Once that database is established, it is easy to blacklist companies who are agents or importers, so that they are no longer able to bring in these counterfeit products into the country again. That is the kind of thing SON is doing.

We must employ technology to fight counterfeiting and strengthen enforcement through sanctions. We must look more at the activities of the authorized agencies.

Most products brands record very high sales. But, the bulk of the sales are not by the brand owners themselves. It is their agents and representatives, who, ironically, are the major source of counterfeit of products. Therefore, the dealers and brand owners have a responsibility to regularly check on activities of their appointed agents and representatives.

The brand owners must work with the regulatory agencies to educate Nigerians about the negative impact of counterfeit of products. Government has a responsibility to save Nigerians from themselves. The responsibility is huge for the regulatory authorities.

Some of the counterfeit products come from China and Asia where government is looking up to for foreign direct investment. How does SON check these companies who bring in these products or connive with some manufacturers to import these products?

If anyone wants to set up business in Nigeria, SON would be the first to lend its support. It is a lot easy to regulate in Nigeria than offshore. We will encourage companies to come and make products in Nigeria, because by doing that we would be getting access to technology know-how and also create opportunity to help employ Nigerians. Government must encourage foreign direct investment. It does not matter where they come from.

PT: What is SON doing to strengthen legislation and enforcement of the law against counterfeiting in the country?

SON: Currently, before SON impounds a fake product, the law says it must obtain a court order to do so. But, we now have a new law that would soon be out that would allow SON to impound products and destroy them within 90 days.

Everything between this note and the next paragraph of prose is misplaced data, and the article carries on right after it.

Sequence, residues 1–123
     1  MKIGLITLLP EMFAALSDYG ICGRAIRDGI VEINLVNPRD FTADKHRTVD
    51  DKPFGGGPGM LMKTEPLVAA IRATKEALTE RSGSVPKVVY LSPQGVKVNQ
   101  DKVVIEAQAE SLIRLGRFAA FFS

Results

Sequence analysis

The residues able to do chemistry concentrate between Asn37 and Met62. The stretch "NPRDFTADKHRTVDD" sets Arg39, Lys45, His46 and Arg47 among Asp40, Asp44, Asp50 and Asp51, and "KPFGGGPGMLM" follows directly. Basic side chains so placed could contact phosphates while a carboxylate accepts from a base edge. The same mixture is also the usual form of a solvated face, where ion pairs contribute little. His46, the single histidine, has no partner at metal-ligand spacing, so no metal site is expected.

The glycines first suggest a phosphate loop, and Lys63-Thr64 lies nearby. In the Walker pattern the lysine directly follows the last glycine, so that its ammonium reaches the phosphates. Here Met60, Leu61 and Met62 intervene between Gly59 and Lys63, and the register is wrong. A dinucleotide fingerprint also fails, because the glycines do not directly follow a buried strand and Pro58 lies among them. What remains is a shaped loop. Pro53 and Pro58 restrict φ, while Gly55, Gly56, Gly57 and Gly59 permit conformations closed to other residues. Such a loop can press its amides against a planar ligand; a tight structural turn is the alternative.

The SON does not have prosecutorial powers today. The agency wants to be able to prosecute offenders. The laws in Nigeria today only allow the police and the Attorneys-General of the Federation to prosecute.
This is affecting enforcement of regulation against counterfeit.

So, SON today cannot say how many offenders it has been able to send to jail as a result of counterfeiting. Any time the agency hands over arrested offenders to other agencies of government for prosecution, it is not the same passion that SON has that those other organizations have. SON also wants to acquire those powers through the legal process to be able to discharge its job on time.

Again, the penalties for offences stipulated in the existing laws appear to be incentives to criminal activities, rather than a deterrent. The highest fine for bringing fake and counterfeit goods into the country is about N50,000. What this means is that a criminal who knows he is bringing into the country counterfeit products, and knows how much he is likely to make from the business, would prefer to do the bad thing and keep his fine of N50,000 in his pocket in case he is caught.

But, things are changing today. Before the end of this year, the country is going to have a brand new law that gives SON a lot of powers to do its job. At the moment, the job SON is doing is like somebody who is chained, with his two hands tied to the back, and a lion is brought for him to fight. He can never win.

The SON is willing to work, but it has serious handicap. In 2011, about 85 per cent of goods in circulation in the country were substandard and counterfeit. Today, the level has gone down to 40 per cent, which is still not good enough yet. What this means is that out of every 10 products, four are substandard. The important thing is
that progress is being made.

But, more progress would be made when consumers are sufficiently equipped with the knowledge to make the right decisions about the products they are patronizing.

PT: What is the relationship between SON and the National Assembly? And can the relationship be exploited to ensure that it gets the right regulatory instruments in place soon?

SON: SON does not have any problem with the National Assembly. The agency has a good rapport with the lawmakers. But, we want to go further to engage the judges in our judicial system, like what they have done with NAFDAC (National Agency for Food and Drugs Administration and Control).

SON wants to ensure that we have a symposium or workshop with our judges. This would make it easier for them to understand the processes involved in what SON is doing, how SON is doing the work and the dangers involved in not taking action against offenders at the appropriate time. I think we are making progress. All we are asking for is: Please have some patience, while we work to bring these laws in place. When this is done, I think that Nigeria would be a better place for all Nigerians.